I chose the watershed forest hike and it was spectacular. Blue sky and bright green colors still moist from the morning rain. The  soft red earth filled with puddles were just starting to dry from the mid-day sun. It was quiet and I was drinking in all the colors and textures of the forest. Annie was following her nose as usual, keeping an eye on me, but really enjoying sniffing here and there, up and down each trail we chose. Sometimes I like to cross country it and cruise off the paths into the deeper forest.
One of the sights that  captivates me is the bark of the multi colored Euculyptis trees. My heart sings when I see these miracles of Nature.
Ahh, the end of a very sweet day...Mahalo ke Akua.
May the rest of the weekend be just as wonderful for one and all.

With Aloha,

E komo mai

E komo mai.......Come in, come in.

Welcome to a new Maui sharing spot. Here I hope to share my mana'o, my thoughts, with you. Mana'o is a Hawaiian word that I like a lot. It means "to think, to wish."

On Maui we have a very special listener supported radio station called Mana'o Radio. You can find it locally at 91.5, it is also on the web at The music is very eclectic as the d.j.'s are all volunteer.. Many of the folks at this radio station are musicians as well. If you want to get tuned into local events, listen to a great Maui station.

If you are a visitor to Hawaii, or a new resident, the Hawaiian language can be a bit tricky. Something that may help you correctly pronounce a daunting Hawaiian word, is apply basic phonetics. This will get you closer to sounding like you've been here before.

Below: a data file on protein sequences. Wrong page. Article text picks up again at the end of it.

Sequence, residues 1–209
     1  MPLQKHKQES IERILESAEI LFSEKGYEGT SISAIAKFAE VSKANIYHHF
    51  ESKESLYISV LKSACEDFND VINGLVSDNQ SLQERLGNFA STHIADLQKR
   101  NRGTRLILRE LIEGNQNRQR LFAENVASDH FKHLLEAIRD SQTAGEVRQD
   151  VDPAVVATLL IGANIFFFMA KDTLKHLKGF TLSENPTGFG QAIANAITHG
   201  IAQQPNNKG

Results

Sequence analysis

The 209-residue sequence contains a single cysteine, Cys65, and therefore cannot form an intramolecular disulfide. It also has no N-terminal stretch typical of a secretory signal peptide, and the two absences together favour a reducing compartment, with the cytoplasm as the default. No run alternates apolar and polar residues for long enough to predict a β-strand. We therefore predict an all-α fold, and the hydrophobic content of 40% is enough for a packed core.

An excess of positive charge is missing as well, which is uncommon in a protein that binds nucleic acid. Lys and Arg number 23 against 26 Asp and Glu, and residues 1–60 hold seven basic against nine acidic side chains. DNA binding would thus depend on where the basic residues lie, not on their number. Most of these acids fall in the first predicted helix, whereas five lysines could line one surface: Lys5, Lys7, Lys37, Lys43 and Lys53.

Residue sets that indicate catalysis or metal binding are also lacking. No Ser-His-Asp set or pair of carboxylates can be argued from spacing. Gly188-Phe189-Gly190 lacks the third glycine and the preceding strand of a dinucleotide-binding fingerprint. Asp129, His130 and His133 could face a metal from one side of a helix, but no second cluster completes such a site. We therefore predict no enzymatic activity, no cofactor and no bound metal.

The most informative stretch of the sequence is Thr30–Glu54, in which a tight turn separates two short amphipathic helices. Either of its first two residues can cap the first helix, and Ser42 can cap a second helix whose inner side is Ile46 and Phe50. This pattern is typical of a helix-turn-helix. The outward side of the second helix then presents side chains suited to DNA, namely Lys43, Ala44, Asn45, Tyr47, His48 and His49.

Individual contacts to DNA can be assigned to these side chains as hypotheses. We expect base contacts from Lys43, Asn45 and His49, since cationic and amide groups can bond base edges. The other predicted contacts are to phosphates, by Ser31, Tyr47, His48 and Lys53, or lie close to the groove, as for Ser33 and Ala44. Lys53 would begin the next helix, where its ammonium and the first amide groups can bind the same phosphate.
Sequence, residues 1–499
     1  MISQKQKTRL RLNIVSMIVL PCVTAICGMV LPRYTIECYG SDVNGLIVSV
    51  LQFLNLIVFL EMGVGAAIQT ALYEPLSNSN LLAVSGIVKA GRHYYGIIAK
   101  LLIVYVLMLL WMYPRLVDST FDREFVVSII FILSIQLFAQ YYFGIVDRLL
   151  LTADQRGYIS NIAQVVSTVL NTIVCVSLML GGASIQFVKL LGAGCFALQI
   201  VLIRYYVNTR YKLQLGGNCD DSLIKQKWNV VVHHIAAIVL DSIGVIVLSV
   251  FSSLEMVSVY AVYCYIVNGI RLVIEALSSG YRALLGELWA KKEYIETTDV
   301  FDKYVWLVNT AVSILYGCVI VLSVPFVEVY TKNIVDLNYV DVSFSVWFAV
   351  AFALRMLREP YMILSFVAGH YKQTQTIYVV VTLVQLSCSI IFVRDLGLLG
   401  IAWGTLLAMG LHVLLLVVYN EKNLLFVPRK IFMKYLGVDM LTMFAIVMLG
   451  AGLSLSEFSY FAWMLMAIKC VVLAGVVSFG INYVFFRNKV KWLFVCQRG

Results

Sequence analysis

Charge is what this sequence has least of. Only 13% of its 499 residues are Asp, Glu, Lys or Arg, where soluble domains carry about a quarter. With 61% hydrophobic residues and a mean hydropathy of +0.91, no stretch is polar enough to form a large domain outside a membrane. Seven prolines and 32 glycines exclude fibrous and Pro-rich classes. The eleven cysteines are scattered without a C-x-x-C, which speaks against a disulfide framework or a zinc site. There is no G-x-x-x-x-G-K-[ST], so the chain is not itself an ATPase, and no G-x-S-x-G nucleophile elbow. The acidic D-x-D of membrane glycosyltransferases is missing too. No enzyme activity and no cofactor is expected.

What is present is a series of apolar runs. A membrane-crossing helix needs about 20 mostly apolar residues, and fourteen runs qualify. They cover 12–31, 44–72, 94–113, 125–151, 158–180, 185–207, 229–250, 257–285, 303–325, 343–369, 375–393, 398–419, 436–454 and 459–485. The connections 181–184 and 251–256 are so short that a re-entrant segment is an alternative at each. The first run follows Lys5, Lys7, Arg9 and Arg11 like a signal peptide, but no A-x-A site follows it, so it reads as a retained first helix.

The Hawaiian language allows for one to take a moment and really look, listen and feel. There are many ways to describe the rain of Hawaii. It can be gentle, or strong, come from the mountain, or the sea. This is the in depth approach I hope to have as I share my mana'o , my stories and experiences of living in Hawaii Nei with you. I was not born in Hawaii, and the first 20 years that I lived here, I was in awe of the beautiful place I called home. I am close to completing the next 20 years of living here now. During this time, I have begun to scratch the surface of what it means to be "of Hawaii" . I am a part of the latest waves of immigrants fortunate enough to land on these shores.

I've begun to see deeper into the stunning, breathtaking beauty of Hawaii. The soles of my feet are now stained red from the clay soil of Maui. I eat and serve fresh fruit from my garden every day.I feel blessed, and, I am grateful. In Hawaii, we live closely aligned with nature . We spend a lot of time outside. For me, this is a more complete way to experience life. When we have Kona weather, it means our weather comes from the south. People can get a little edgy when the weather is Kona. Big, wild storms could be on the way, or, there is not a breath of air moving. The trade winds keep our Maui air clean and fresh. Without the trades, the "Vog", volcanic particles in the air from Madame Pele on the Big Island, end up blanketing most of the islands. This week we have had Kona weather, hopefully it will bring some much needed rain for the garden.

In this journal, I plan to serve up a fresh little slice of paradise to keep you coming back for more.

A hui ho, until later.